‘Spider-Man: Turn Off The Dark’ Suffers Another Mid-Show Injury


Last Friday it was announced that the embattled Broadway musical Spider-Man: Turn Off the Dark was pushing back (again) its official opening date to February 7, 2011 so that they could hammer out their on-going technical difficulties and today we learn more troubling news about the show. During tonight’s performance of the show, an actor fell 20 feet to the ground after the cable he was attached to either broke or became detached. The show had to be ended early so that emergency medical technicians could be brought in to treat the injured actor.

Twitter is being flooded with messages from audience members tonight at SPIDER-MAN, with word that an actor fell during the middle of Act 2 when a cable snapped. The show was first put on hold, and then cancelled as ambulances arrived on the scene … BroadwayWorld spoke to an audience member who was there and told us that it right was near the end of the show when the bridge comes down and MJ falls and Spider-Man goes after her. Basically, she went down and he went jumping after her, and you saw the rope come done and then snap back up and then all of a sudden, the stage manager’s voice came on and said that there was going to be a pause and they stayed dark for a minute or two and then they basically called the show. Our source tells us that for most of the audience, there was a moment of “did I really just see that” followed by horror and concern. Coming from where the actor fell, a voice was heard screaming as well. As audience members left the theatre, at least one ambulance and fire truck were seen. Another audience member has contacted us to tell us that “The person taken away was the person playing Spider-Man at the time. He tried to get up and stagehands told him not to move. I was in the audience and I’m an NY EMT. Although i am not involved with the care of the patient they didn’t use a back-board and collar so they don’t suspect spinal injury. The ambulance stayed on site longer then expected leading to believe the injury isn’t critical.” The FDNY confirms they were called at about 10:45 p.m. to treat a man who fell twenty feet. It was unclear which actor was involved in the accident, but we’re told that it was a 31 year old man, who has now been taken to Bellevue Hospital. This is the fourth injury in the show.

This show cannot last much longer … I mean, there’s no way. With a whopping $65 million dollar price tag, Spider-Man has to sell enough tickets to sell out every single performance for the next 4 years just to break even. If you consider how many injuries keep occurring in this show — which is still in previews, btw — you have to wonder how long producers will continue to let the show continue to flail. I’m convinced the injuries will continue to happen … in front of hundreds of audience members. The technical aspects of the show seem just too … shall we say, ambitious … for things to run smoothly for very long. I can’t imagine the sight of an actor falling 20 feet to the ground (some reports say he fell 5 feet, others say 30 feet but 20ish feet seems to be the consensus), followed by horrid screams from audience members will do much to sell tickets for the show … then again, there are a lot of folks that like the macabre. I still deffo want to see this show (and no, not because I want to see people be injured) but it really seems less and less likely that it will run long enough for me to do so. How many more injuries can the show take before they decide to pull the plug?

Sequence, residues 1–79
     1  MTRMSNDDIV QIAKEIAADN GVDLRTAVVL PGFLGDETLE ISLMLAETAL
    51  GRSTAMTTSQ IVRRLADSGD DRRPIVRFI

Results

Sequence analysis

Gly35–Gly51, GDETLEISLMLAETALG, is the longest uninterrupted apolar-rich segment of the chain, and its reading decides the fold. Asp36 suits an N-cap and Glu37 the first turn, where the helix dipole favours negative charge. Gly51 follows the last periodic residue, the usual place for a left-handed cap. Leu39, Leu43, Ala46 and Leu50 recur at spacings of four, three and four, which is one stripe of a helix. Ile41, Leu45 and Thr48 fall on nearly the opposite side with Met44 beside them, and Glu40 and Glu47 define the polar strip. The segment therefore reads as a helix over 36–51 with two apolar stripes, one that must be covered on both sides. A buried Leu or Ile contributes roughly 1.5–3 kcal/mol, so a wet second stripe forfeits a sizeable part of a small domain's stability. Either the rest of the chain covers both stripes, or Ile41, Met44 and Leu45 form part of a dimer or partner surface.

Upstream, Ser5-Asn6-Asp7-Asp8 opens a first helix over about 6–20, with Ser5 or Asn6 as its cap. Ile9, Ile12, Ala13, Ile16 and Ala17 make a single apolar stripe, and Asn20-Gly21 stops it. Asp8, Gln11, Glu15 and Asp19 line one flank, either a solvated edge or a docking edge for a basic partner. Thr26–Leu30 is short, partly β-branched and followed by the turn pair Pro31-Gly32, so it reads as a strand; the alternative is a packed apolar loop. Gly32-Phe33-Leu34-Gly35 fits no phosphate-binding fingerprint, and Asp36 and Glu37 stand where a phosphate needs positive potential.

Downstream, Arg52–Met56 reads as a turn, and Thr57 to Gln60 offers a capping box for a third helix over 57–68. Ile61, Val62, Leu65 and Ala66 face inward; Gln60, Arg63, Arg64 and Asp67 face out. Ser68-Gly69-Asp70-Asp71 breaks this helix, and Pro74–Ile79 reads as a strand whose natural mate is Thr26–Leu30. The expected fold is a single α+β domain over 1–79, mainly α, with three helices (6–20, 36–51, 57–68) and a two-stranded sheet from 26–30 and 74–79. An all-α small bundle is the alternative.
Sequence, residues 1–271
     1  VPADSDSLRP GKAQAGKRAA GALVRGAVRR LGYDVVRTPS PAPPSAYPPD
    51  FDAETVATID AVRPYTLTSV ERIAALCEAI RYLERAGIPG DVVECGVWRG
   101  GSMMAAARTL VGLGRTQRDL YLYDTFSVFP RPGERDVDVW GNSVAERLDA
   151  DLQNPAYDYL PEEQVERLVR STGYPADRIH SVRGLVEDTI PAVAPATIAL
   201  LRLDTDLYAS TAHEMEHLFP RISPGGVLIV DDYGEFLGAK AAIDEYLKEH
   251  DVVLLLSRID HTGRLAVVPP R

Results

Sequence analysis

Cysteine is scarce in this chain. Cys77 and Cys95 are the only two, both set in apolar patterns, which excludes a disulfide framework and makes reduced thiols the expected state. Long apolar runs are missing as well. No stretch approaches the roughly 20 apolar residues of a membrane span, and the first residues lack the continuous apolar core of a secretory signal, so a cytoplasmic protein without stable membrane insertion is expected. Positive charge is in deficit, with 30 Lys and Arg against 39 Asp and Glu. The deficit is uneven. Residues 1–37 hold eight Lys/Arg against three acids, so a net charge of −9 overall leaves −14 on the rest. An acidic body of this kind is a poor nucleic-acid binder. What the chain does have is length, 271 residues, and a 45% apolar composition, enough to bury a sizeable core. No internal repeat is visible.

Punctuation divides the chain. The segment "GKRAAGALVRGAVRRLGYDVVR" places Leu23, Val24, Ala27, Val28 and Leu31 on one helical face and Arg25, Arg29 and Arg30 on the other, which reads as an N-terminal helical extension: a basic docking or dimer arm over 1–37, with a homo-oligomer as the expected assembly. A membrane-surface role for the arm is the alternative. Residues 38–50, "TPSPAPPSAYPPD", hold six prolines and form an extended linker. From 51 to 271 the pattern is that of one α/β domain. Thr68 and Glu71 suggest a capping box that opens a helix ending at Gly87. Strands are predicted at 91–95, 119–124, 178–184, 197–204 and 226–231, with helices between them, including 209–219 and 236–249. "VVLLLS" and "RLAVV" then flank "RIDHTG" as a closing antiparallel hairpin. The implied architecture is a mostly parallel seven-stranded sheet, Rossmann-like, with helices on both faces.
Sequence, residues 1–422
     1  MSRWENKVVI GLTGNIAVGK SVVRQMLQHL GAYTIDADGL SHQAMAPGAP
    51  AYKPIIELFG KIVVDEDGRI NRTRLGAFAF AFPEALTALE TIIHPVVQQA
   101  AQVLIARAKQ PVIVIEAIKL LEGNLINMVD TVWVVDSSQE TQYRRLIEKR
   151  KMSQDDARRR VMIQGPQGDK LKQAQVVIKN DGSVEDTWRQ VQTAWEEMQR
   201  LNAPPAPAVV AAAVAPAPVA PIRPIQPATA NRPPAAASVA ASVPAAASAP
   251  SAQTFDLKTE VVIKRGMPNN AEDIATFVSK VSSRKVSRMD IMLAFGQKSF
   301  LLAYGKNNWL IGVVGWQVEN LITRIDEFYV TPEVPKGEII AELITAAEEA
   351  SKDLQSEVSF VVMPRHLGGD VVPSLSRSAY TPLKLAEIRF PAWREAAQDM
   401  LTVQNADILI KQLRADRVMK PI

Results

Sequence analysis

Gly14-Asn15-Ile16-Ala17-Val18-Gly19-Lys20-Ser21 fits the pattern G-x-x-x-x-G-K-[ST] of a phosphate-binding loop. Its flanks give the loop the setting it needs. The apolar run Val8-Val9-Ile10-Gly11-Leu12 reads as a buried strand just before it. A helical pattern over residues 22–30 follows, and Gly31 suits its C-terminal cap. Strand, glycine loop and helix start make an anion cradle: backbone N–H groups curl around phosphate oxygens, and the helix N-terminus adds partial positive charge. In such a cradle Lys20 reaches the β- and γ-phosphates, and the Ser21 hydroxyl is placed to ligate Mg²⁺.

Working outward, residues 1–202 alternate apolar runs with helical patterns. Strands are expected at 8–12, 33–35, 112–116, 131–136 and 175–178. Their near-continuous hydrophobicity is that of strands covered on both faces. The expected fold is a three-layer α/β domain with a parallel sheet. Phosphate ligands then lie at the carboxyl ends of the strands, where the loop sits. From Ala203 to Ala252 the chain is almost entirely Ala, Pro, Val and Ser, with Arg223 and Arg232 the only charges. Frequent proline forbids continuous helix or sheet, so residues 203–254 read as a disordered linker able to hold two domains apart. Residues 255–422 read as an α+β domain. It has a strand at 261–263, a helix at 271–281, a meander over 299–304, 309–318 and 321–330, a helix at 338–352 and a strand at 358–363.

• Dennis Smeal

    I wonder how many injuries occur in the course of rehearsing any of the Cirque du Soleil shows? I’ll bet there’re more. And look at the injuries suffered by any professional athlete! These performers aren’t training for and attempting just another acting job. This is a spectacle, more akin to a circus or athletic arena. The possibility that injuries can occur if these performers aren’t on their game every night and all the equipment is perfect every night, is one of the things that will take audiences breath away, like the high wire act or the trapeze artists!

  • Meghan

    They need to stop this show before someone is killed. It’s done. @Dennis–Cirque du Soleil and a broadway theater show are very different things. This show is very, very difficult for the broadway arena.

  • Tricia

    @ Dennis & Meghan: You are both sort of right. I have a friend who does the rigging for the Beatles Cirque in Vegas and he told us there are injuries most nights (Dennis is correct). However, they are mostly sprained ankles and wrists because these are all professional dancers and gymnasts who have trained to do these athletic maneuvers AND they have many professional riggers on the Cirque set who check all the equipment each night (Meghan is right). A wire breaking like that or not being properly attached is VERY SCARY!! They should stop the show unless they are willing to get the right professionals for this type of show (Yes – more money!)